A U.S.-China Truce Could Stimulate A Recovery
Trade talks between the U.S. and China at last month’s G-20 meeting seem to have ended in an uneasy truce, which was probably the best we could have realistically hoped for. It’s unclear how things will progress from here—there are some knotty issues still to be worked out—but if the two sides remain at the table and further progress is made, I believe the global economy could be heading toward a recovery.
Why do I hold this relatively upbeat view when many market participants worry about an impending recession? Because I don’t think the preconditions for a recession are in place. The global economy has been hit by a series of shocks that have slowed capital formation over the past 18 months, leaving the manufacturing sector looking very “recessionary” indeed. However, there has not been a major investment or consumption boom that has left the economy with the kind of imbalance that would need to be cleansed by a recessionary purge. While corporate debt levels have risen, this has been offset by rising and stable profit margins, and the cost of servicing debt remains low due to low rates and tight credit spreads.
It’s true that the U.S. Treasury yield curve is inverted at certain points, which is usually regarded as a sign of impending trouble, but I’m not convinced that the yield curve can tell us much in isolation. Additionally, we need to recall that the yield curve remains distorted by the swaths of quantitative easing that the central banks have administered over the past years. To me, the yield curve is a part of the mosaic rather than the full picture.
In the absence of any obvious catalysts for, or signs of, recession, I believe that the seeds for recovery lie in two factors: a reset of monetary policy to ultra‑loose and a reduction in uncertainty. The first of these is occurring: The U.S. Federal Reserve is loosening its monetary policy, as is the People’s Bank of China (slowly) and the European Central Bank. If the U.S.‑China trade truce holds, progress will also be made in reducing uncertainty.
A great deal rides on the U.S.‑China trade talks, however. If last month’s G-20 talks had gone badly, leading to new tariffs and export bans, then we would likely be staring at rapidly tightening financial conditions and a looming global recession. The performance of the global economy over the next few years very much depends on the outcome of these discussions—and they remain delicately poised. I think it helps to break the situation down into two main elements: first, the pressing issue of trade and, second, the much deeper issue of how the political relationship between the U.S. and China will be defined over the longer term.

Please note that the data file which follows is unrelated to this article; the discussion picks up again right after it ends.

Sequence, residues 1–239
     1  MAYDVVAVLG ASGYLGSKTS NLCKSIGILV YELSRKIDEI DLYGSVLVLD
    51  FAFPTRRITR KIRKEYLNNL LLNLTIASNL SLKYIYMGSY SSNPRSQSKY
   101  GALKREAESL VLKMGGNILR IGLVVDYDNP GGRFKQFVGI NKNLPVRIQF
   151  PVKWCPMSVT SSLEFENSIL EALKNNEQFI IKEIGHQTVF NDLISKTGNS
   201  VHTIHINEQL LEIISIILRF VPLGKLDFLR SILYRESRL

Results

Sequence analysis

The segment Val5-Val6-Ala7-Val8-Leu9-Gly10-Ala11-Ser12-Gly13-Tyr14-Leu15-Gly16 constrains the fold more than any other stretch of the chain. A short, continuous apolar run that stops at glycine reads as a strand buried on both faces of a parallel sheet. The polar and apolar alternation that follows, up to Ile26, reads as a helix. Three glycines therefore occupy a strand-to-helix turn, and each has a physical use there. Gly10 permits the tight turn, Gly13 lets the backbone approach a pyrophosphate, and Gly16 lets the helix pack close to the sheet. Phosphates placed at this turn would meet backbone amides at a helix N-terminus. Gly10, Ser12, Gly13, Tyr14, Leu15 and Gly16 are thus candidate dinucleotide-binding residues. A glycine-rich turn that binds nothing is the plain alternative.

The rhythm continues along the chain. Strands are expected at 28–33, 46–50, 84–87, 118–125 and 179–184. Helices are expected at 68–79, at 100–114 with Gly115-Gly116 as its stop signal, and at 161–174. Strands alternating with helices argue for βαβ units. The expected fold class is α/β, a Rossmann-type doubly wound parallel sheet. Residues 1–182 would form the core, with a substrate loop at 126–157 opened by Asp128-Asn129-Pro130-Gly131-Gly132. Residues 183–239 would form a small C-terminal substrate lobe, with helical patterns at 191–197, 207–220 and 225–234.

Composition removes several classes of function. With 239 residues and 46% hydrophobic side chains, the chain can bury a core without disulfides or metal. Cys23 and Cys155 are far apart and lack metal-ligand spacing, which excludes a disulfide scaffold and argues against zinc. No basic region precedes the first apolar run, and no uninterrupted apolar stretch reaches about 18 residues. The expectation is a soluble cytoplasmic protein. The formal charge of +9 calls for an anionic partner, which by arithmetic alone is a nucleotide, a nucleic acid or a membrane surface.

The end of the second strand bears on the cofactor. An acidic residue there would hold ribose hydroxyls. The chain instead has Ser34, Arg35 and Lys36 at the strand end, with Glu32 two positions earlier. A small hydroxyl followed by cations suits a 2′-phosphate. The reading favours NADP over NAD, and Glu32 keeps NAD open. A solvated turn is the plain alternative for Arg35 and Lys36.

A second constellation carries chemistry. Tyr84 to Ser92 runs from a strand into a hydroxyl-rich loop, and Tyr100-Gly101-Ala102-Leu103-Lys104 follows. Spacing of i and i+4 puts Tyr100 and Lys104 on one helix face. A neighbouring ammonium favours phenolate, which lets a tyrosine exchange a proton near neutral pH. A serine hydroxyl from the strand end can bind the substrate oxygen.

I believe that progress is being made on the first of these issues because it is clearly in the interest of both parties to find a resolution, and both President Xi and President Trump have the domestic policy space they need to make the appropriate amount of concessions. A workable trade deal of some kind or another remains on the cards.
The second part is more complicated because the two countries’ long‑term ambitions are largely incompatible: China wants to become the dominant player in the Indo‑Pacific region while remaining a one‑party state, while the U.S. political system seeks to support the spread of democracy. Over the longer run, it is likely that the U.S. and Chinese economies will get dragged into a battle over political and economic spheres of interest. In fact, this battle is already on, as shown in the thorny problem of what to do about Huawei, the Chinese telecommunications giant that the U.S. regards as a threat to global security.
Within our investable horizon, however, and assuming the U.S.‑China truce holds, I expect the global economy to show signs of improvement soon. The great thing about a major slowdown is that it creates the space for a recovery. It is likely that we have accumulated some pent‑up demand for capital goods, and if we avoid a recession in the near term, the current slowdown will help to extend the longevity of any subsequent expansion. Overall, I believe the conditions are in place for a very supportive environment for risk assets, of which I favor emerging markets and equities over credit.
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